If I Only Had A...
Griffin's newest has heart; Panthers' latest has nerve; Jan Jelinek's got brains; and Menomena finds its way home
But lo and behold, Panthers has finally hit stride. With its newest, the group jettisons the psychedelic ramblings of yore in favor of stripped-down compositions that focus on the rock and leave the pretense behind, or at least buried under a mass of primordial, power-chord thud.
The pivotal flaw of Panthers' last outing, Things Are Strange , was singer Jayson Green's lyrical focus on, ahem, "theory." Green's attempt to astound us, Ian Svenonious style, with highfalutin verbiage that might have sounded academic, really offered nothing: It was sheer effrontery shrouded in flippety-trick vocabulary.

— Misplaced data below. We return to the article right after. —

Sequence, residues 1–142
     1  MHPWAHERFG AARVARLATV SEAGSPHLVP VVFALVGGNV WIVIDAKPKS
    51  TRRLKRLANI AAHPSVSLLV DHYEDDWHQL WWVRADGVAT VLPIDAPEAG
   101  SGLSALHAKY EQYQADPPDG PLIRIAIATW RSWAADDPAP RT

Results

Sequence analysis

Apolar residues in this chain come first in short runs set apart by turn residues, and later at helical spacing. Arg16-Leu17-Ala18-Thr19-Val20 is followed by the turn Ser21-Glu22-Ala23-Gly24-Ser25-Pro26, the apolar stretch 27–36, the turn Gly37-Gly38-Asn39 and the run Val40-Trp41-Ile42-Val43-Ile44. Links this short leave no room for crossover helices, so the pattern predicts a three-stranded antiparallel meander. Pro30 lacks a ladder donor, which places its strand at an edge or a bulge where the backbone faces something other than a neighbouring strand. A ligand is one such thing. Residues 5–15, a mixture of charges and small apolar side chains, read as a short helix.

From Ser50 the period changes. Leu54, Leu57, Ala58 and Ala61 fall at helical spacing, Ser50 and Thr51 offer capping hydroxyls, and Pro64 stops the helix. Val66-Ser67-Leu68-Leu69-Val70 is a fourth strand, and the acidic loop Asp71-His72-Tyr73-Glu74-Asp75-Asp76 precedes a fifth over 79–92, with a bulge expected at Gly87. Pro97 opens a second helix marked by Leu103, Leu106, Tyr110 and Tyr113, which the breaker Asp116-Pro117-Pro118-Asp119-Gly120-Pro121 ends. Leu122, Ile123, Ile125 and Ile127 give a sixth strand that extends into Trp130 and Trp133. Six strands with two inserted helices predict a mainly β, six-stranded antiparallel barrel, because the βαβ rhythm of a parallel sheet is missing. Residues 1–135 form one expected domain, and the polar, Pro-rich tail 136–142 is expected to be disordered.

This time around, Green has pared it down--or at least his witty repartee is inaudible. The Trick by no means represents a conscious dredging for the lowest common denominator of pop accessibility; it's just honed to a proper fighting weight. And now the band can get down to business. The group's roots in the protopunk/protometal of groups like The Stooges, MC5 and The Pretty Things are still in ample supply. But this time around, the brutality of the rock factor is amped to the Nth degree.
Tierbeobachtungen finds Jelinek with a focused new approach. The precision and discipline of techno is jettisoned in favor of an amorphous, botanical sound. While the pieces on the disc have titles, they're certainly not "songs" in the verse/chorus/verse sense. The textured and colorful chording of Jelinek's music has, interestingly, gone full circle. Sure, computers are employed in the production of this music. But his new, imminently modern sound elicits memories of Herbie Hancock's Electric Piano playing on Miles Davis' In a Silent Way . Perhaps unwittingly, Jelinek has created jazz.